Many people struggle to learn how to breathe while running. Some people are natural born runners. Others pick it up as they grow older. They’ll lace up their running shoes, head outside and begin their journey. As they run, though, they may feel short of breath and find themselves inhaling and exhaling in irregular breathing patterns.
Controlling your breathing is a challenge for most runners. Prior to hitting the trails, beginner runners should audit their breathing rhythm to see if they have the lung capacity to complete the run. To do this, they can perform a variety of breathing exercises that will help them assess their breathing rhythm and ensure they have the proper breathing technique nailed down.
Stop what you’re doing. What sort of position is your body in right now? Are you seated, standing? Slouched over, slumped back on the couch? Well, believe it or not, the way in which you breathe is affected by the positions you spend most of your day in.
Slouching over can cause our breathing to get shallow. Instead of performing diaphragmatic breathing for deeper, more valuable breaths, everything stays up in our chest, creating little to no value for our overall aerobic capacity.
When it comes time to run, you’ve programmed yourself to take short shallow breaths. This can make you feel like you’re gasping for air even on the simplest jog or warm up run. That’s why preparing yourself for proper breathing while running takes place way before your run begins.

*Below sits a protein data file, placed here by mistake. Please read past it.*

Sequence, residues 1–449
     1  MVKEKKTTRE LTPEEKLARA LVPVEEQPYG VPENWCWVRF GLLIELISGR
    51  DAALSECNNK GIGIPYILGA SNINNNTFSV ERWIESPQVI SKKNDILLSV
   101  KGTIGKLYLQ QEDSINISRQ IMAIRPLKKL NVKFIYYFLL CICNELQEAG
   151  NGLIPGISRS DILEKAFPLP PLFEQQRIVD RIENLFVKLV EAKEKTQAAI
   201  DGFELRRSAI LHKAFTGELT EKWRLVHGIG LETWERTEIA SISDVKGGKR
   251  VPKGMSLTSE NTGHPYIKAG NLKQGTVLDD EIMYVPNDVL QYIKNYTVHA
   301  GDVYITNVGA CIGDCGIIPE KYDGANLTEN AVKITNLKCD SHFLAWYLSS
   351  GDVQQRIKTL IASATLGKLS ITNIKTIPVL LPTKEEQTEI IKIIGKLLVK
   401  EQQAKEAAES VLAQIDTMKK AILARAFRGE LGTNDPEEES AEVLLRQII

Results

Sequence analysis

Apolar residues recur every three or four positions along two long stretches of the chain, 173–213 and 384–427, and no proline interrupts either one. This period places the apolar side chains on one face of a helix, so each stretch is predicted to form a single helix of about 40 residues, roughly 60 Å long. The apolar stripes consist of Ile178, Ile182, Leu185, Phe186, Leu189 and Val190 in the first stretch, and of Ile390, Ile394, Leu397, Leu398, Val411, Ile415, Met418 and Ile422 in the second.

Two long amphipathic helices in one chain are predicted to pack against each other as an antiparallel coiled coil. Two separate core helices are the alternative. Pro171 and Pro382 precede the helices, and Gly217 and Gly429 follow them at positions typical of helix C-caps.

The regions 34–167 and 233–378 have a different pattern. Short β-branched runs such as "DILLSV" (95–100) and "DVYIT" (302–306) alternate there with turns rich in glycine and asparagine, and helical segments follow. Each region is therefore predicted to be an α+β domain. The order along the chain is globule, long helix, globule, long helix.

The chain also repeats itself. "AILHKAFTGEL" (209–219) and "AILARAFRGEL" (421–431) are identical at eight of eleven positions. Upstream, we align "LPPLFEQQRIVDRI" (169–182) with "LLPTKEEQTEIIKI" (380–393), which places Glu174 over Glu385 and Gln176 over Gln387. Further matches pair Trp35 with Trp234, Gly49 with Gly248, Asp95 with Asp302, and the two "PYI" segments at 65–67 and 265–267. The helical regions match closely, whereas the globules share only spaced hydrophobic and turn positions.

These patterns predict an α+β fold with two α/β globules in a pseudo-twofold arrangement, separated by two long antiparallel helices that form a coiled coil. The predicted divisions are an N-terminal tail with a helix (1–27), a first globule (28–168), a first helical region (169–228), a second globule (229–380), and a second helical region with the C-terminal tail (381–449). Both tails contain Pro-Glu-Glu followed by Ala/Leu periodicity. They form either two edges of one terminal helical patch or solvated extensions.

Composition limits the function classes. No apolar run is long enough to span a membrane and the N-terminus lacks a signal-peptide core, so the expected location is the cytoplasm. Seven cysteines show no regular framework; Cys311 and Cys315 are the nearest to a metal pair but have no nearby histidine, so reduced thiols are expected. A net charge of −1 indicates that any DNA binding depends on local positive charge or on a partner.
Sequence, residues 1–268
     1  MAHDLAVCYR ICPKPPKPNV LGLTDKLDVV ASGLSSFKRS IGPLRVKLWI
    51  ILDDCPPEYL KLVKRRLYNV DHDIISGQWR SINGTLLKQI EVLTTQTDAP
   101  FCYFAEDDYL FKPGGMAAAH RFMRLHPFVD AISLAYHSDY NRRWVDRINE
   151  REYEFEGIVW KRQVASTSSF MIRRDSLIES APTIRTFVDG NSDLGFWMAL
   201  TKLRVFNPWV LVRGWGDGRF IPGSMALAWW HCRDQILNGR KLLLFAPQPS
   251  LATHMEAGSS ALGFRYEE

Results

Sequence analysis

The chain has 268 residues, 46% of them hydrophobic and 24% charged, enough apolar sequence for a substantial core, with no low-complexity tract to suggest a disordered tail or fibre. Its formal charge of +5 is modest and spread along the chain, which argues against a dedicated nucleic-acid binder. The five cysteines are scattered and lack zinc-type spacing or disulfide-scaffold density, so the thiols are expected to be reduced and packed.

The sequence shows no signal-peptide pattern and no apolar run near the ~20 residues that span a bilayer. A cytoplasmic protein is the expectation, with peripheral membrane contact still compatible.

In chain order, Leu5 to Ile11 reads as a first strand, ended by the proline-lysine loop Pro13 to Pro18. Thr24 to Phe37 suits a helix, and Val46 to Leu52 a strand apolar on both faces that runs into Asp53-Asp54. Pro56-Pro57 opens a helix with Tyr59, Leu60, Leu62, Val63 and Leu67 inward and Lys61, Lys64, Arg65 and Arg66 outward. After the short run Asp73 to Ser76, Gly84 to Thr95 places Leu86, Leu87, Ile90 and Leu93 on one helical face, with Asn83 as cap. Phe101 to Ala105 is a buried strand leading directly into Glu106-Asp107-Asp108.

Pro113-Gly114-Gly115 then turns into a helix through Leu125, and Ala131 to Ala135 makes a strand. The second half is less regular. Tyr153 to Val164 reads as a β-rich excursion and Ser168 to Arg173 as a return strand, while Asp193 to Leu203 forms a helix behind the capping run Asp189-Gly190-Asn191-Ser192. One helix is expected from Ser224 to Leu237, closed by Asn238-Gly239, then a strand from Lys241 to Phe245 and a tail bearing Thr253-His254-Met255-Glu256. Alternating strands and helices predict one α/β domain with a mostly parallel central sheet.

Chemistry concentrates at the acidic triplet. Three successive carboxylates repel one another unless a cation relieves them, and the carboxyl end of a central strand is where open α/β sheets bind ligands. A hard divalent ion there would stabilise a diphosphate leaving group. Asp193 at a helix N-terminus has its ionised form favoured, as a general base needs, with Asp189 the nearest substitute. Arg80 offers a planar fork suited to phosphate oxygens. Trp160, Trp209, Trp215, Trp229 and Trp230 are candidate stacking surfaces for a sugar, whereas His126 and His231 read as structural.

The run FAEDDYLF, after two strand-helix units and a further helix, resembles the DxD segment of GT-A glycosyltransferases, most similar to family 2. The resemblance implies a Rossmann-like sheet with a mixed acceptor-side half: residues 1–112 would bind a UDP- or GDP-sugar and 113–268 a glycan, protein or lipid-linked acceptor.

Breathing for runners comes down to regularly expanding your lung capacity by training at mid-high heart rate zones regularly and thus, constantly improving the body’s ability to utilize oxygen and release carbon dioxide more efficiently.
Thankfully, we’ve outlined a few breathing exercises below that you can try to improve your breathing rhythm. There’s no need to scan social media or search on Google for these running tips. Our strategies are great for new runners at all fitness levels trying to learn how to breathe properly while running.
Let’s take a look at a few ways new runners can improve their breathing mechanics.
Figure out how you breathe with a breathing audit. Since breathing is an involuntary action, you might not really know how you breathe unless you stop and think about it. To figure this out, perform a deep belly breathing exercise.
Deep belly breathing is a simple three step process to assess your current breathing technique. All you need to do is lie down on your back, put one hand on your chest and the other on your belly and take a few breaths. Take note where most of your breaths are happening—either in your chest or your belly.
To activate your diaphragm, perform this deep breathing drill. Start with a large inhale through your nose that fills your chest, mid-chest and then belly. Reverse the cycle when you exhale through your mouth—not your nose. Repeat these deep long breaths (hands still on belly and chest) for 10 repetitions.
This puts the diaphragm in motion with rhythmic breathing that fills your entire lung cavity with the maximum oxygen possible.